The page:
On 11 December 2019, the European Commission presented its European Green Deal before the European Parliament, during a special plenary meeting in Brussels. The most important reform package of the new Commission includes several proposals that will take form in the next five years of the mandate. The objectives of President von der Leyen are to achieve climate-neutrality in the European Union by 2050 and, at the same time, to implement the United Nation’s 2030 Agenda and the sustainable development goals.
President von der Leyen presented the Green Deal as the Commission’s growth strategy since it will involve huge investments from both public and private sectors. Indeed, the Commission estimated that the objectives of the Green Deal will require €260 billion of additional annual investment, which counts for about 1.5% of 2018’s GDP and will need to be sustained over time. To achieve that, a Sustainable Europe Investment Plan will be presented along with setting up a so-called Just Transition Mechanism, including a Just Transition Fund of €100 billion over the next seven years.
More specifically for the financial sector, in the third quarter of 2020 the Commission will elaborate a new sustainable finance strategy that will strengthen the foundations of sustainable investment. A number of steps will have to be undertaken to do so: first and foremost the taxonomy for classifying environmentally sustainable activities will need to be finalised. Currently the text is at the final stages of negotiation between the EU institutions. Once the taxonomy is adopted, it will become easier for investors and companies to identify recognised sustainable investments. The Commission will also develop an EU green bond standard and an eco-label for retail investment products.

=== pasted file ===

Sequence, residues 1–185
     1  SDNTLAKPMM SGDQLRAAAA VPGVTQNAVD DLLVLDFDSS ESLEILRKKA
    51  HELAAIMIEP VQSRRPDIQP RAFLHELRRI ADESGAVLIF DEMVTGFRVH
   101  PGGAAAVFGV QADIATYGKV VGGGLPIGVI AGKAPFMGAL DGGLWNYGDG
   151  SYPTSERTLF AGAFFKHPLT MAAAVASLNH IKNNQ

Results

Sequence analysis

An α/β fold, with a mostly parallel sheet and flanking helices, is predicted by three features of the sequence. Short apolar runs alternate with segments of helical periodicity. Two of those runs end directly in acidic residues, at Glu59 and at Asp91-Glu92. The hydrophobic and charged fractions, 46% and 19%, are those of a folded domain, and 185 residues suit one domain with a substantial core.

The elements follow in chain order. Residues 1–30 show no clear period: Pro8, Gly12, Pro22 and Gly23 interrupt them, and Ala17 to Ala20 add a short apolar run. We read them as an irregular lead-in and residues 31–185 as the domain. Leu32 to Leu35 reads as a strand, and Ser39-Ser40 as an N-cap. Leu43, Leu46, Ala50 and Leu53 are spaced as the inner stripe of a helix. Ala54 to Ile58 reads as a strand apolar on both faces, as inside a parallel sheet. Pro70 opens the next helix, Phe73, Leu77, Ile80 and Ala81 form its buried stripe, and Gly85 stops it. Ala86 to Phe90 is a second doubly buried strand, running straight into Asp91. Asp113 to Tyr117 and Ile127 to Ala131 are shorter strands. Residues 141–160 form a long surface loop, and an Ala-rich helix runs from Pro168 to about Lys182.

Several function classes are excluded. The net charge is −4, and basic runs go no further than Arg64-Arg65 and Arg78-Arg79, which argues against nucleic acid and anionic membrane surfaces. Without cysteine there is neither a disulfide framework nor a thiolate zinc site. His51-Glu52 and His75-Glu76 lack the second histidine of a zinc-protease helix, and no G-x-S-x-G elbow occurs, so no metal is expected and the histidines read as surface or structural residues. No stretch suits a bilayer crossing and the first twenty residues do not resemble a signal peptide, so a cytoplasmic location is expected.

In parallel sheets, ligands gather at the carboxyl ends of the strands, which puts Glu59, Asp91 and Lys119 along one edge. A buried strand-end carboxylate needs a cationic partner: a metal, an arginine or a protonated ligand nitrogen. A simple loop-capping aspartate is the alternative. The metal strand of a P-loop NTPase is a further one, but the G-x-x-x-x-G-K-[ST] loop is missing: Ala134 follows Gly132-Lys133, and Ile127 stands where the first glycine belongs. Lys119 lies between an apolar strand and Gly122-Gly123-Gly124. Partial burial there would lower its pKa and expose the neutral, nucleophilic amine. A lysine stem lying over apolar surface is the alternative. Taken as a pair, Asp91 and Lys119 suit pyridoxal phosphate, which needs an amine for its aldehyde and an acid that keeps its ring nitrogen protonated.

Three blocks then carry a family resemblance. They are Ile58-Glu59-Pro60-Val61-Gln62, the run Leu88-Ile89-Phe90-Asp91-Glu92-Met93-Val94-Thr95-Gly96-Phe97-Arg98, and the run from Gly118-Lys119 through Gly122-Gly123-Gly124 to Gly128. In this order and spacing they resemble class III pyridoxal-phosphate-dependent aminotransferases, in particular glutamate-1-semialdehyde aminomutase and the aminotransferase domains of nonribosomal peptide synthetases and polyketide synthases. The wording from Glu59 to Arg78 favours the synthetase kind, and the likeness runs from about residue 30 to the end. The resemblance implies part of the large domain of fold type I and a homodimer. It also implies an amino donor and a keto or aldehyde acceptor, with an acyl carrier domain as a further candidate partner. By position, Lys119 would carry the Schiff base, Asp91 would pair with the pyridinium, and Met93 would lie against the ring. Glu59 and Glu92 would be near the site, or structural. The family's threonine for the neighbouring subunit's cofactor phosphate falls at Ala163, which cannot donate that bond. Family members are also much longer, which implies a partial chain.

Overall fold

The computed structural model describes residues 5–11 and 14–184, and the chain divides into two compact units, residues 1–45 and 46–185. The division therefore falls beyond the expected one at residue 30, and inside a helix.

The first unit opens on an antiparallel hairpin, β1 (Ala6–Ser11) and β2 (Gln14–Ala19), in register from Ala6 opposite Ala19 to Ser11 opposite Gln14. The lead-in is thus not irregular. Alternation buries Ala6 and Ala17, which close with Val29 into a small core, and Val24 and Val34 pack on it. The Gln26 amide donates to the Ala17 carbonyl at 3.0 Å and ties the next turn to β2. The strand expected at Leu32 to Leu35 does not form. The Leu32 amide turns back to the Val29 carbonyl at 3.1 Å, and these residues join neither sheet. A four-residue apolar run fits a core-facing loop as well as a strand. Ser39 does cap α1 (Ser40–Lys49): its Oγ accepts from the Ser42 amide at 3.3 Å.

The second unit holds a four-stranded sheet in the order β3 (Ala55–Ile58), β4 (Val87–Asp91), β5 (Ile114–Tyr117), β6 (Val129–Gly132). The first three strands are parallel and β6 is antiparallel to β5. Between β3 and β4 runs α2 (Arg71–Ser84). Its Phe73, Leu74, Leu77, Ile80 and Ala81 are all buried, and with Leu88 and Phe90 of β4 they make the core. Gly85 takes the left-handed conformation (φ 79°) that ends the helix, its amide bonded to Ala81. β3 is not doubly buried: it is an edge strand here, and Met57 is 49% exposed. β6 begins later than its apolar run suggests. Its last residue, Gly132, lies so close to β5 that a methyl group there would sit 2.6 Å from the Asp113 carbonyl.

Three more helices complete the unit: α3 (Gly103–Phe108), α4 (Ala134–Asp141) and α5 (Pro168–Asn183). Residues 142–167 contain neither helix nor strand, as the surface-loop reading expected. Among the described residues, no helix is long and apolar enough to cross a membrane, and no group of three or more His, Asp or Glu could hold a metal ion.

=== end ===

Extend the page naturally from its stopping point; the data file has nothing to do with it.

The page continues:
The Commission also committed to reviewing the Non-Financial Reporting Directive by the end of 2020. Then, it will support businesses and other stakeholders in developing standardised natural capital accounting practices within the EU and internationally, in order to ensure the appropriate management of environmental risks and mitigation opportunities, as well as to reduce the related transactions costs. Indeed, climate and environmental risks will be managed and integrated into the financial system and into the EU prudential framework, in order to assess the suitability of the existing capital requirements for green assets.
During the plenary, the different groups of the European Parliament expressed their general approval for such demanding reforms, in light of the common objective to fight climate change and achieve climate neutrality. Some skepticism arrived from the extreme left- and right-wing groups, which were concerned about the financing of these proposals and the need to likely increase the EU budget. In any case, they welcomed the commitment of the Commission to present a very detailed communication and a roadmap of key actions barely ten days into its mandate.
By Silvia De Iacovo, ABBL & ALFI European Affairs